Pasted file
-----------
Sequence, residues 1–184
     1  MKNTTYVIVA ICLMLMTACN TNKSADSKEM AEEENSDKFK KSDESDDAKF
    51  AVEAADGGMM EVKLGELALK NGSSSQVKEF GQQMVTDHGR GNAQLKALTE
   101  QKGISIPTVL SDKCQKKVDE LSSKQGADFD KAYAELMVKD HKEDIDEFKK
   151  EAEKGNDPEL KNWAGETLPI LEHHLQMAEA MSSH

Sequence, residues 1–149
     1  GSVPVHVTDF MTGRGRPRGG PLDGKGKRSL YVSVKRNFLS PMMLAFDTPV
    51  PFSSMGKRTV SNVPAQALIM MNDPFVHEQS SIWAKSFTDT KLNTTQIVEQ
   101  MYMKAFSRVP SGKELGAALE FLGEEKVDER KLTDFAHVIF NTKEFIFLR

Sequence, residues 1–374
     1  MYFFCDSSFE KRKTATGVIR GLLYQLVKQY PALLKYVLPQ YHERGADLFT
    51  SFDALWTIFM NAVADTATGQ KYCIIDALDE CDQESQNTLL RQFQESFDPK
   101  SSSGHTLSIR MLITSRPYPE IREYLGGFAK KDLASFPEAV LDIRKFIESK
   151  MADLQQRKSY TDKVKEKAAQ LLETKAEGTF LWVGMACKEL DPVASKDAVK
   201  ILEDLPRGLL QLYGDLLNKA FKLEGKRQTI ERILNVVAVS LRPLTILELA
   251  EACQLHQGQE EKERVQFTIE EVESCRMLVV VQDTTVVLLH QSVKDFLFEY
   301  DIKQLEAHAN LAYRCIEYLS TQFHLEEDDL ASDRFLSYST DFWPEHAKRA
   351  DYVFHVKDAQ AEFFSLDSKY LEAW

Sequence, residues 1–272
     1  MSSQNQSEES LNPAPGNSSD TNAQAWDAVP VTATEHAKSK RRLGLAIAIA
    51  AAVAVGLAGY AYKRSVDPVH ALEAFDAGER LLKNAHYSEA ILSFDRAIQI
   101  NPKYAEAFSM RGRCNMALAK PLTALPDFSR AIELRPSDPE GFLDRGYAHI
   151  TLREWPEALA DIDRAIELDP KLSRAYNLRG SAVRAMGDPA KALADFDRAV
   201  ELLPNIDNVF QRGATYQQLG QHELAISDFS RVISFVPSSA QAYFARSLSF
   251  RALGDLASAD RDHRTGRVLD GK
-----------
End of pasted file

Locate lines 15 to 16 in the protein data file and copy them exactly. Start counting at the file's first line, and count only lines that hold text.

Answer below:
   201  ILEDLPRGLL QLYGDLLNKA FKLEGKRQTI ERILNVVAVS LRPLTILELA
   251  EACQLHQGQE EKERVQFTIE EVESCRMLVV VQDTTVVLLH QSVKDFLFEY